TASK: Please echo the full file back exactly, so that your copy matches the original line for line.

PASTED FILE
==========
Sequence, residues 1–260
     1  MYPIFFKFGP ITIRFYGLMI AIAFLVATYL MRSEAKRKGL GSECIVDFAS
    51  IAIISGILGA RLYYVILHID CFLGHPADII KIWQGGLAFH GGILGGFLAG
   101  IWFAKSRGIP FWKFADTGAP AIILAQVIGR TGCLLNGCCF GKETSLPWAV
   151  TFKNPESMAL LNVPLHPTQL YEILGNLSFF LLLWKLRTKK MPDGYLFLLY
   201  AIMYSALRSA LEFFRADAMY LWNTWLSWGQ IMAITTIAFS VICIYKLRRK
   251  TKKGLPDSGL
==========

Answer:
Sequence, residues 1–260
     1  MYPIFFKFGP ITIRFYGLMI AIAFLVATYL MRSEAKRKGL GSECIVDFAS
    51  IAIISGILGA RLYYVILHID CFLGHPADII KIWQGGLAFH GGILGGFLAG
   101  IWFAKSRGIP FWKFADTGAP AIILAQVIGR TGCLLNGCCF GKETSLPWAV
   151  TFKNPESMAL LNVPLHPTQL YEILGNLSFF LLLWKLRTKK MPDGYLFLLY
   201  AIMYSALRSA LEFFRADAMY LWNTWLSWGQ IMAITTIAFS VICIYKLRRK
   251  TKKGLPDSGL